[Free food] 5/20 Pizza Seminar: Yi Ding and Lefan Zhang

Generative and Multi-phase Learning for Computer Systems Optimization (ISCA 2019)


AutoTap: Synthesizing and Repairing Trigger-Action Programs Using LTL Properties

This week’s Pizza Seminar will be a double feature, with two conference talks presented by Yi Ding (@dingy) and Lefan Zhang (@lefanz). Twice as many speakers, twice as much reason to come! The abstracts are below,

Generative and Multi-phase Learning for Computer Systems Optimization (Yi Ding, ISCA 2019)

Machine learning and artificial intelligence are invaluable for computer systems optimization: as computer systems expose more resources for management, ML/AI is necessary for modeling these resources’ complex interactions. The standard way to incorporate ML/AI into a computer system is to first train a learner to accurately predict the system’s behavior as a function of resource usage and then deploy the learned model as part of a system. In this talk, I’m going to show that (1) continued improvement of learning accuracy may not improve the systems result, but (2) incorporating knowledge of the systems problem into the learning process improves the systems results even though it may not improve overall accuracy. Our results imply that learning for systems optimization may have reached a point of diminishing returns where accuracy improvements have little effect on the systems outcome. Thus we advocate that future work on learning for systems should de-emphasize accuracy and instead incorporate the system problem’s structure into the learner.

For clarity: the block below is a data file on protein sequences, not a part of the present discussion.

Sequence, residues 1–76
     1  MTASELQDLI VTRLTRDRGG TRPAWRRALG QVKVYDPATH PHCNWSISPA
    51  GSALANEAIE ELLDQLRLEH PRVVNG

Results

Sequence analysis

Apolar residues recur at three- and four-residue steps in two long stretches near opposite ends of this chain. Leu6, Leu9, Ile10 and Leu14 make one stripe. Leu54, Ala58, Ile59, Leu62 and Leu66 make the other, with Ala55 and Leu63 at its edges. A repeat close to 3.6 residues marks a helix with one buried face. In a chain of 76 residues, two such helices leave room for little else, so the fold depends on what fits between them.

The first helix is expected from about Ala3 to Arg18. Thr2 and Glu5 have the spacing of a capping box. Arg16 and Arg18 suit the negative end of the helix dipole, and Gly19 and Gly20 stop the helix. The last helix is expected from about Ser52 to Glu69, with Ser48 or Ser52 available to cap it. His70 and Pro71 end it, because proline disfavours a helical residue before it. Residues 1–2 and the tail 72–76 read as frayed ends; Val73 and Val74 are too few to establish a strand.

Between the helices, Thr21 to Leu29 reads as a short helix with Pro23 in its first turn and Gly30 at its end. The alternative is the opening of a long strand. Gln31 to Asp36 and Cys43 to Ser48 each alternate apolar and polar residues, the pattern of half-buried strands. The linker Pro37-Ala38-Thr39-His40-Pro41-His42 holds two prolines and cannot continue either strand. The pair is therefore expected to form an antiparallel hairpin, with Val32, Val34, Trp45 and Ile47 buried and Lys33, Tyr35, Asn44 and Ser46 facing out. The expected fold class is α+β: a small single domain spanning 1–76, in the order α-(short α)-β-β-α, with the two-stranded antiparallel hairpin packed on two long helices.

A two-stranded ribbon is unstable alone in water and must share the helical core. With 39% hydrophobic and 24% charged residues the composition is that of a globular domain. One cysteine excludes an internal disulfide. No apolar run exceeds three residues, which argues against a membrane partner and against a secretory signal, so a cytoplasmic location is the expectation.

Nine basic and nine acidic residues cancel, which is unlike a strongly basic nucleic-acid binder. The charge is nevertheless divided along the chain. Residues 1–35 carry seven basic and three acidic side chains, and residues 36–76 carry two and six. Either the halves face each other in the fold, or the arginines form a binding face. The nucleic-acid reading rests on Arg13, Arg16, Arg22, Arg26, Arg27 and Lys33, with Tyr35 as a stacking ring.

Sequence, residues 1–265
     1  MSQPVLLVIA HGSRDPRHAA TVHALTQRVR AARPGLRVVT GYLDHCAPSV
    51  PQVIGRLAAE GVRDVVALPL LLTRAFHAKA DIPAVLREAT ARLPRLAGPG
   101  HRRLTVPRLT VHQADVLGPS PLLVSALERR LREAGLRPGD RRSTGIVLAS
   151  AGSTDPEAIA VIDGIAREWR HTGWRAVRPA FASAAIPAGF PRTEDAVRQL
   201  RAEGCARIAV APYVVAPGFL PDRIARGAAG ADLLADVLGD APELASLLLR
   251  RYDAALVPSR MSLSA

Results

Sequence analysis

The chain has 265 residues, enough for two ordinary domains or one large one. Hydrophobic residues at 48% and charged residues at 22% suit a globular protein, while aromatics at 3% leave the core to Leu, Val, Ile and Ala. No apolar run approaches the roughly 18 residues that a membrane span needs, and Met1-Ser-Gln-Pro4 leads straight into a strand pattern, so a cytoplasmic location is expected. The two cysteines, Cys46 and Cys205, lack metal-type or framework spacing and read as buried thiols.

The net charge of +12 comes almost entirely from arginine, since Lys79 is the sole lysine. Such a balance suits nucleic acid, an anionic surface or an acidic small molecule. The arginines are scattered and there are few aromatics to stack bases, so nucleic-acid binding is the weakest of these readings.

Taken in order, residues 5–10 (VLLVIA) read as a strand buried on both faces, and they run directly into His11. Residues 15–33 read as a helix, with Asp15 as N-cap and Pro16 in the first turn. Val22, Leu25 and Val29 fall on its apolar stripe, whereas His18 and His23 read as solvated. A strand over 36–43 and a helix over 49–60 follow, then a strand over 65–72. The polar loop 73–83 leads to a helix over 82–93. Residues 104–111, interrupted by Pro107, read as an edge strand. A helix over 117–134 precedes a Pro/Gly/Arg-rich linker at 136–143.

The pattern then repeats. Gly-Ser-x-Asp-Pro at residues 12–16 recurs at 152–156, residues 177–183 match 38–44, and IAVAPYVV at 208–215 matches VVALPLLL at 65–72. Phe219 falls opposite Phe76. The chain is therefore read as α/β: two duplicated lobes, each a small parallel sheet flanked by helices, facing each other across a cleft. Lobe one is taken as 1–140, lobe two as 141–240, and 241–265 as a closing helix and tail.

AutoTap: Synthesizing and Repairing Trigger-Action Programs Using LTL Properties (Lefan Zhang)

End-user programming, particularly trigger-action programming (TAP), is a popular method of letting users express their intent for how smart devices and cloud services interact. Unfortunately, in some situations it can be challenging for users to correctly express their desires through TAP. This paper presents AutoTap, a system that lets novice users easily specify desired properties for devices and services. AutoTap translates these properties to linear temporal logic (LTL) and both automatically synthesizes property-satisfying TAP rules from scratch and repairs existing TAP rules. We designed AutoTap based on a user study mapping the properties users wish to express. Through a second user study, we show that novice users are significantly more likely to express some desired behaviors correctly using AutoTap than using TAP rules. From our benchmarks and experiments, we find AutoTap is a simple and effective option for correct and expressive end-user programming.

Adding here for the sake of completeness of #pizza